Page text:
[0048] The charge transport compounds as described herein, and photoreceptors including these compounds, are suitable for use in an imaging process with either dry or liquid toner development. Liquid toner development can be desirable because it offers the advantages of providing higher resolution images and requiring lower energy for image fixing compared to dry toners. Examples of suitable liquid toners are known in the art. Liquid toners generally comprise toner particles dispersed in a carrier liquid. The toner particles can comprise a colorant/pigment, a resin binder, and/or a charge director. In some embodiments of liquid toner, a resin to pigment ratio can be from 2:1 to 10:1, and in other embodiments, from 4:1 to 8:1. Liquid toners are described further in Published U.S. Patent Applications 2002/0128349, entitled “Liquid Inks Comprising A Stable Organosol,” 2002/0086916, entitled “Liquid Inks Comprising Treated Colorant Particles,” and 2002/0197552, entitled “Phase Change Developer For Liquid Electrophotography,” all three of which are incorporated herein by reference.

[0049] Charge Transport Compound

[0050] In some embodiments, the organophotoreceptors as described herein can comprise a hydrazone based compound as a charge transport compound having the formula

[0051] where R1 has a structure of:

[0052] in which Ar is selected form the group consisting of;

[0053] R4 is a hydrogen, or an aromatic group including, for example, a phenyl, napthyl or any of the members of the group specifying Ar, and R2 and R3 are, independently, an (N,N-disubstituted) arylamine group, such as a julolidine group, a triaminophenyl group or a carbazole group. Some specific examples of R1 include, for example,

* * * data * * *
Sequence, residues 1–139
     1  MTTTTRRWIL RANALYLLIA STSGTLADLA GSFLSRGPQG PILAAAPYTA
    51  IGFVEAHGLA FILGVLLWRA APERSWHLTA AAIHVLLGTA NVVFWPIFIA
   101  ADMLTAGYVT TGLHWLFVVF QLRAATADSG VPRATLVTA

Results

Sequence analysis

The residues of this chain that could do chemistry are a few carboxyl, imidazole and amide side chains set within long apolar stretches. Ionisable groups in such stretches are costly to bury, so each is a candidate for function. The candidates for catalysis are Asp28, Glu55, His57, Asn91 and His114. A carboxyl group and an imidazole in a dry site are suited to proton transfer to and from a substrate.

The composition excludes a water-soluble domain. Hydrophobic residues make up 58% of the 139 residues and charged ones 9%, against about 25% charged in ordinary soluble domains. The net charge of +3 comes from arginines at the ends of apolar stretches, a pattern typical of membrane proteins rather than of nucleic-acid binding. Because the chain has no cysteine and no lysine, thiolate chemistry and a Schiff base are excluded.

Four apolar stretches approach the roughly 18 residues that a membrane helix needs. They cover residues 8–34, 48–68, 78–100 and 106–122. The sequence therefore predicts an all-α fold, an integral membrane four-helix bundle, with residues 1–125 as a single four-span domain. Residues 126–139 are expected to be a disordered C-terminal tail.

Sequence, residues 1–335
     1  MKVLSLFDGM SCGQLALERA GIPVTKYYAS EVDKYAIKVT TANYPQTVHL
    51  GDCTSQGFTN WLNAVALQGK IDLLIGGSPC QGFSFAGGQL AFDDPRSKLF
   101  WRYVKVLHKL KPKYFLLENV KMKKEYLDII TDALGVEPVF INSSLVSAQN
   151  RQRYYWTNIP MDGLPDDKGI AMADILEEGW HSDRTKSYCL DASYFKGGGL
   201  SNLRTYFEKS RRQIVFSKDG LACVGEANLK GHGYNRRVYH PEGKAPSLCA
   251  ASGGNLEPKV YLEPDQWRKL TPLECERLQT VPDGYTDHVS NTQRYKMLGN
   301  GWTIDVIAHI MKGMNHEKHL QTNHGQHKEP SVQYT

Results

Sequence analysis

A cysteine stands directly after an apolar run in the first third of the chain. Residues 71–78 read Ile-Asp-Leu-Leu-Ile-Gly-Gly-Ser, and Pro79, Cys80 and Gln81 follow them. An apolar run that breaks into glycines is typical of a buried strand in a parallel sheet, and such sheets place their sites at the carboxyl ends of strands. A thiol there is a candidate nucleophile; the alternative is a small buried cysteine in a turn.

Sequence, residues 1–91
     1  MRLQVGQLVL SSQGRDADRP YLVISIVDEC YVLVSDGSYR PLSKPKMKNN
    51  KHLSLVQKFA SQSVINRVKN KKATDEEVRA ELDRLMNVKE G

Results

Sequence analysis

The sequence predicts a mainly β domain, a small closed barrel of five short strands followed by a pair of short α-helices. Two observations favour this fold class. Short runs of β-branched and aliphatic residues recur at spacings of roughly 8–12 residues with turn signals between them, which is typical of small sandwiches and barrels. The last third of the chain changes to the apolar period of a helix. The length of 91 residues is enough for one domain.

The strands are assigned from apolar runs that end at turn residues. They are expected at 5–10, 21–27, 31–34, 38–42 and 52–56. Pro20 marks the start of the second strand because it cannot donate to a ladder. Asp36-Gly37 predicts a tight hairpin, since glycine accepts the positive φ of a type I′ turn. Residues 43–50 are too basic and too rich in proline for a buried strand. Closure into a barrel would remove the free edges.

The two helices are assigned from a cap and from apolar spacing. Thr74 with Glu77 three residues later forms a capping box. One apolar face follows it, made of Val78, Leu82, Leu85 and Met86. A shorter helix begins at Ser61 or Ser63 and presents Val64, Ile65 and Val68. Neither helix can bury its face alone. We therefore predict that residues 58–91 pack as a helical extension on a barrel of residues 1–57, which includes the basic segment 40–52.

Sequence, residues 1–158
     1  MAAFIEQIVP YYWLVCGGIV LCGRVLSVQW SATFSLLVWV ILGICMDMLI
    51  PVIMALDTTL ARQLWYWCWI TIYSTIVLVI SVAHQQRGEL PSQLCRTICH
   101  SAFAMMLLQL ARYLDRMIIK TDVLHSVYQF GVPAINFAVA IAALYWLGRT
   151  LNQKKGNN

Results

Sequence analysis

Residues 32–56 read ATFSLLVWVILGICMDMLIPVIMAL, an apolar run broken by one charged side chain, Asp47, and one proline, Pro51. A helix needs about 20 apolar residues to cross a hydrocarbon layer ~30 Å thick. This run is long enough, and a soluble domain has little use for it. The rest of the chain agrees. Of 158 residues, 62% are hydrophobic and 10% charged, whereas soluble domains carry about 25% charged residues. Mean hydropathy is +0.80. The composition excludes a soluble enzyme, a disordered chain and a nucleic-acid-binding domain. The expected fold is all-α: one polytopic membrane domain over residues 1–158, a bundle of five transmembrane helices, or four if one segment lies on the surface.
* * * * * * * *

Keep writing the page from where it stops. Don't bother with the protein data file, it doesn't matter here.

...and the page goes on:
[0054] In further embodiments, the organophotoreceptors as described herein can comprise a hydrazone based compound as a charge transport compound having the formula

[0055] where R1 is

[0056] and R2 is a julolidine group or a carbazole group.

[0057] Non-limiting examples of such charge transport compound have the following formula.

[0058] Synthesis of Charge Transport Compounds

[0059] The charge transport compounds are based on a particular set of 1, 1 hydrazine compounds and their derivatives. Specifically, the charge transport compounds described herein can be synthesized by separately synthesizing an appropriate hydrazine and an aromatic aldehyde. The charge transport compounds can then be synthesized in an appropriate acid catalyzed reaction, as described further below, involving the hydrazine and the aromatic aldehyde. The aromatic aldehyde supplies the R2 group from equation 1 above.

[0060] Hydrazines

[0061] The synthesis of some representative hydrzines are described in the following.

[0062] 1,1-Dinaphthylhydrazine

[0063] 1,1-Dinaphthylhydrazine can be prepared according to the procedure described in Staschkow, L. I.; Matevosyan, R. O. Journal of the General Chemistry (1964) 34, 136, which is incorporated herein by reference. A suspension of 0.07 mole of the naphthyl nitrosamine in 750 ml of ether is cooled to 5-8° C. and treated with 150 g of zinc dust. Acetic acid (70 ml) is then added drop wise with stirring. To complete the reaction, 40 g of zinc dust is added. The reaction mixture is heated and filtered from the sludge. The mother liquor is washed with 10% sodium carbonate solution and dried with solid KOH. The ether is distilled off to give the crystalline hydrazine, which is crystallized from ethanol or butanol. Other symmetric disubstituted hydrazines can be synthesized based on an equivalent process.